Our faces resembled those of old weary passengers. A quick glance at each other's glazed over eyes quickly sent our focus to rest on something safer, our feet, perhaps, or the dusty floor of the car which carried us.

I shut my eyes, but horrific mental snapshots began to unravel as if played back on an old dusty movie reel. History book images of walking corpses, tattered shoes and mountains of nude bodies piled high like tires in a junkyard filled my mind as the dreaded hour drew near. The sun was radiant and eager to usher in the first day of spring.

Breathtaking German countryside whizzed by as my mind spun Hebrew school lessons of scarlet swastikas and mindless soldiers marching in perfect cadence into a macabre montage.

As the local train approached the station, schoolchildren with toothless grins and bright colored backpacks skipped by me and hopped down onto the platform, anxious to get a head start in their playful dash for home. Quietly dazed, my friends and I boarded a local bus en route to Dachau. Peering out of gray windows, I was greeted by a quaint European town that reminded me of so many others through which we had recently passed. I watched plump women riding bicycles with baskets full of groceries, fathers taking the hands of their children, lovers smiling and laughing and strolling through the streets.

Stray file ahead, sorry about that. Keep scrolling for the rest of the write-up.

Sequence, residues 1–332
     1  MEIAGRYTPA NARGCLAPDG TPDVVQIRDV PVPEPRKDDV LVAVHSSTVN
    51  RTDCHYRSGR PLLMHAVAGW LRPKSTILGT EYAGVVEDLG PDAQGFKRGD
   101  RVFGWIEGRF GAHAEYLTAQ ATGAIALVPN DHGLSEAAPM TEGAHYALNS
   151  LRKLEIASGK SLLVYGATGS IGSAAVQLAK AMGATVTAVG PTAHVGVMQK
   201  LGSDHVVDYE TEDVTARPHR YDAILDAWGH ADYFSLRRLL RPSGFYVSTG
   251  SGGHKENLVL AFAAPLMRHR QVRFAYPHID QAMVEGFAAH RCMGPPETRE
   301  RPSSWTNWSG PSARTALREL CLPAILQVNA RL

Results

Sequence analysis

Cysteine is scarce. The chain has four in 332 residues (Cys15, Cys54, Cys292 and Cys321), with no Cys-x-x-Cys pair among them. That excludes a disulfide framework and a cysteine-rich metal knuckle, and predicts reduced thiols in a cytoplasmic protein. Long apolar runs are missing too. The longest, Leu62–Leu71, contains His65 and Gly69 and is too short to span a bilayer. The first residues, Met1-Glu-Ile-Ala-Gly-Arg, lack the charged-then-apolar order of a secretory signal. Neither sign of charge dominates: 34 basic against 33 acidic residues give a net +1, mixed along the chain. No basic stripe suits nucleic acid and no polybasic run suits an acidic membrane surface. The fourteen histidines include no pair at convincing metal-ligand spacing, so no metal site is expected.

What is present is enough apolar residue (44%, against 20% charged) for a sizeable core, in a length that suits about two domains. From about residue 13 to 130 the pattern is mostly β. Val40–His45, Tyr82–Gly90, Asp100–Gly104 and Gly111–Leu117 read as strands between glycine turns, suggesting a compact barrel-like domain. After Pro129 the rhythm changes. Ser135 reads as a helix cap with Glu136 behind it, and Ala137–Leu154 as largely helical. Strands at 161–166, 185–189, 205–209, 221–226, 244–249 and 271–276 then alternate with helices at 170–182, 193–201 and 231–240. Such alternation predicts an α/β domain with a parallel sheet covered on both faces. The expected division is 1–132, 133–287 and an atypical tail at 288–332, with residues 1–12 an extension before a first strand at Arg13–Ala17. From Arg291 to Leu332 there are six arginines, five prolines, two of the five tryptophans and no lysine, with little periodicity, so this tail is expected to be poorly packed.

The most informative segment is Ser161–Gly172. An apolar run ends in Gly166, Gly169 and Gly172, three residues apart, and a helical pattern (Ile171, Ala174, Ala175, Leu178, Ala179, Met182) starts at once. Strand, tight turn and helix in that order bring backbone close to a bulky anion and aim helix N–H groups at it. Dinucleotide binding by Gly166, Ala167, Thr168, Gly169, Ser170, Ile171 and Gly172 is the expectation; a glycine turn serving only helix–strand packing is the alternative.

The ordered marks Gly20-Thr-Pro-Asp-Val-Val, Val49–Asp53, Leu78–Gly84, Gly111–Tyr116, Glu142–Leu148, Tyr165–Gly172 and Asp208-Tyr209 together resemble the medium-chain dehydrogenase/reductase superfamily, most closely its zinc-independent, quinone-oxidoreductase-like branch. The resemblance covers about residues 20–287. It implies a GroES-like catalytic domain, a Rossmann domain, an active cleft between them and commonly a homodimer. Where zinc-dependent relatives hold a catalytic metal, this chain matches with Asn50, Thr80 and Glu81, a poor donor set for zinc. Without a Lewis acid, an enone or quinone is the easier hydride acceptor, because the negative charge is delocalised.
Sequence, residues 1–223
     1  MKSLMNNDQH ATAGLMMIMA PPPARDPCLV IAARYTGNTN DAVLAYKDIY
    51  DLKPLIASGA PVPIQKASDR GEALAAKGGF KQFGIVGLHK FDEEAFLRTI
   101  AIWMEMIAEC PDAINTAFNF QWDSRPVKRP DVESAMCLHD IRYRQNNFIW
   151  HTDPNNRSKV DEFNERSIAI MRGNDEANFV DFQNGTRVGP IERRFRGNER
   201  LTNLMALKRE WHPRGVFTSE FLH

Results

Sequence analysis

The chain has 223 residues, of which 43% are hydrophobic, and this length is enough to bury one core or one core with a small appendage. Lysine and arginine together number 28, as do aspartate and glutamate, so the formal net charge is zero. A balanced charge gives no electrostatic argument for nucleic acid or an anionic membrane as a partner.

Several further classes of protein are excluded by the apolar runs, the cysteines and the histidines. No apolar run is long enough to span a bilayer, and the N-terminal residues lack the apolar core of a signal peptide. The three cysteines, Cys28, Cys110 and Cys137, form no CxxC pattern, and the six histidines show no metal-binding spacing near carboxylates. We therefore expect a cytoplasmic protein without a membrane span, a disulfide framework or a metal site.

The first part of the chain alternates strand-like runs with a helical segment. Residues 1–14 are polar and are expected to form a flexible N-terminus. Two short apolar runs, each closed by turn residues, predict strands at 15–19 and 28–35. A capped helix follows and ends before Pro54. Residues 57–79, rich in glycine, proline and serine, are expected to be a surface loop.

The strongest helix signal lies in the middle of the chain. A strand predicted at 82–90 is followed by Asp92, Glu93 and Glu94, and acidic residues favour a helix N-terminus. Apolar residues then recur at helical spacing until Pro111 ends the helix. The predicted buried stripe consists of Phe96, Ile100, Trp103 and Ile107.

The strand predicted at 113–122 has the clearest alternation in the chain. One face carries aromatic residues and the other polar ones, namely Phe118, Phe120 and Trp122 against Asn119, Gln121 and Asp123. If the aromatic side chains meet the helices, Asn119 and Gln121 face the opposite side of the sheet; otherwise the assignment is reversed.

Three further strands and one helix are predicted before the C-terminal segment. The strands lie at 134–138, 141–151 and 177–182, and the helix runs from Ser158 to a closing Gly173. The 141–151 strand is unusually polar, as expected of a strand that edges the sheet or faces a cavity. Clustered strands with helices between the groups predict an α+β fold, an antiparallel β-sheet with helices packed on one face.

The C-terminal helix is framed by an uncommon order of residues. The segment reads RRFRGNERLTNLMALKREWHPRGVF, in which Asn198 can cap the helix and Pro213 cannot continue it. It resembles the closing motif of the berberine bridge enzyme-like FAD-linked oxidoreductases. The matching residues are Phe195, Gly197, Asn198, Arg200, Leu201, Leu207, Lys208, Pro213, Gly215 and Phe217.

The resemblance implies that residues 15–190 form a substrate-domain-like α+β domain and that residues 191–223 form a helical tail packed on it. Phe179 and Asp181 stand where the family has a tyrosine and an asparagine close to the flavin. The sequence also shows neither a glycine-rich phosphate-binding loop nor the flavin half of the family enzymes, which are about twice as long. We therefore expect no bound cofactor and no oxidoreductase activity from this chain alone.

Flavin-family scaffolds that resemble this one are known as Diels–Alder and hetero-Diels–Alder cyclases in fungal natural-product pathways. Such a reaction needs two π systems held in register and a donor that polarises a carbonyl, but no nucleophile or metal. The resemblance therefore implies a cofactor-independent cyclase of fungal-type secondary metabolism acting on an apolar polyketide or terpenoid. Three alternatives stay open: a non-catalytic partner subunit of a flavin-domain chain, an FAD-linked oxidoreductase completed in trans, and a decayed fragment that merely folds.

I falsely reassured myself that this methodical, yet surreal, daily rhythm of life in Dachau must have been interrupted by the business of mass destruction--- the train loads of expressionless soldiers marching through barbed-wire into the army of the damned, the faint putrid smell of human carnage, the familiar cloud of smoke and quiet gray storms of raining ashes.